In my testing with Gmail Web Client, if I sent 30 images in a single email of different sizes, a few would not load successfully showing image container but not the image. If that happens, try reloading the page.

In my testing (Windows 7)...

  • Chrome (latest) needed a couple of reloads to successfully load/show all 30 images
  • Opera (latest) wouldn't successfully show all 30 images regardless of number of reloads
  • Firefox (latest) consistently showed all 30 images without issue
  • Internet Explorer 9 (latest) consistently showed all 30 images without issue
  • Safari (latest) consistently showed all 30 images without issue
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1  
I tested with large number of images, but I think if large size images are used, that might also cause them not to load/show in time. Gmail Web Client is a little sensitive to how much time it would take for those embedded images to load/show and this is somewhat browser dependent as well. Your machine/network speed may also be contributing factors. But in terms of base support, Gmail does support embedded images. It may just be some intentional time-to-load protections from Google against many/large embedded images from harming user experience. –  cusman Oct 8 '12 at 17:19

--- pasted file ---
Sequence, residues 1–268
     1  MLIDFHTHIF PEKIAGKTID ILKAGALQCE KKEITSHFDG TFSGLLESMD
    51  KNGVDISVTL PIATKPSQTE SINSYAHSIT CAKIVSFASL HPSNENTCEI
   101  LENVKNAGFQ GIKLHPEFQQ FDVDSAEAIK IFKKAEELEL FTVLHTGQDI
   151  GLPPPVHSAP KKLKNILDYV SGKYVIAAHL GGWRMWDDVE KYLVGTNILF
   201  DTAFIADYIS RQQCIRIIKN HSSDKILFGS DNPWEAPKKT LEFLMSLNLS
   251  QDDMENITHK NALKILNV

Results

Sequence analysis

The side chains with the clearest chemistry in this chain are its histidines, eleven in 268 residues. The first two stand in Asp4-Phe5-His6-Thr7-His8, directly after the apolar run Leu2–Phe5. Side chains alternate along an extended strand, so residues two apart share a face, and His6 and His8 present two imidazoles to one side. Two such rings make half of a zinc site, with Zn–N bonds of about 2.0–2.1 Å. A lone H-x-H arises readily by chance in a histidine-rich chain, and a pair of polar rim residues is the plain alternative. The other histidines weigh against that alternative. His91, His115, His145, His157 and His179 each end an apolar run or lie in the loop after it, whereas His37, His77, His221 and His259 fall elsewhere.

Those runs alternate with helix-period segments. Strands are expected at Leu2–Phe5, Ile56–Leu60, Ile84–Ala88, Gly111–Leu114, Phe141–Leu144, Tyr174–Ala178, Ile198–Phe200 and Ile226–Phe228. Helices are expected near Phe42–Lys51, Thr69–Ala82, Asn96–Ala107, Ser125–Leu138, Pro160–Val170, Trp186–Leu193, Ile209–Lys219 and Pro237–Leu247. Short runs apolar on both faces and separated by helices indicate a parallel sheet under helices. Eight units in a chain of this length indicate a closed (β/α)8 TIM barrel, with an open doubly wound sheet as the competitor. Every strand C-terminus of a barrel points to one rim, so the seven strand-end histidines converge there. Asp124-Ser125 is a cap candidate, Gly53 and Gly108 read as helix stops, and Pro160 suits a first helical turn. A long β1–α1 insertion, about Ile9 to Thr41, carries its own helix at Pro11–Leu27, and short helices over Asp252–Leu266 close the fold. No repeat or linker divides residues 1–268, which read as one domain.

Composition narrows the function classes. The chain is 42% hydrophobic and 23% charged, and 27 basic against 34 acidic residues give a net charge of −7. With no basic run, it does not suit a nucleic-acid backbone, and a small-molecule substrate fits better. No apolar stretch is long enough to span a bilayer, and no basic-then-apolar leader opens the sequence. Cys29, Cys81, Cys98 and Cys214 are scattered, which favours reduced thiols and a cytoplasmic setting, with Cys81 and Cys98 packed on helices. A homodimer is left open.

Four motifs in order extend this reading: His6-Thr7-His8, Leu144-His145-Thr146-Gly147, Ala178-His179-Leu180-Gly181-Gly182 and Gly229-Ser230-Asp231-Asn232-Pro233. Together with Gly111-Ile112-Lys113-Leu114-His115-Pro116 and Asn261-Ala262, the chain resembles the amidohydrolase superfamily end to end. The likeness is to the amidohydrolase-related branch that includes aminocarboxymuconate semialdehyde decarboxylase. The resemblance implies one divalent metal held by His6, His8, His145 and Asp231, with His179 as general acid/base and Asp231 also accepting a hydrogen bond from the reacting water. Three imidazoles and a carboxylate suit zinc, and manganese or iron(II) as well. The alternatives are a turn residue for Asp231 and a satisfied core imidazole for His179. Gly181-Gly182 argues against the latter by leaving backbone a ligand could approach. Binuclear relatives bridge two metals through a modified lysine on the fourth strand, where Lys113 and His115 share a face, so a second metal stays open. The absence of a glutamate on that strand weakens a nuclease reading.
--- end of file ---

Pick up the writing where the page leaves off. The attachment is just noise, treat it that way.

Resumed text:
There doesn't seem to by any official documentation but Gmail definitely doesn't support this, inline or as an attachment in base64.

Here is some testing that campaign monitor tried:
Embedding images in email
Embedding images revisited

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Make sure you set Content-Type: multipart/mixed; , boundary and Content-Transfer-Encoding: base64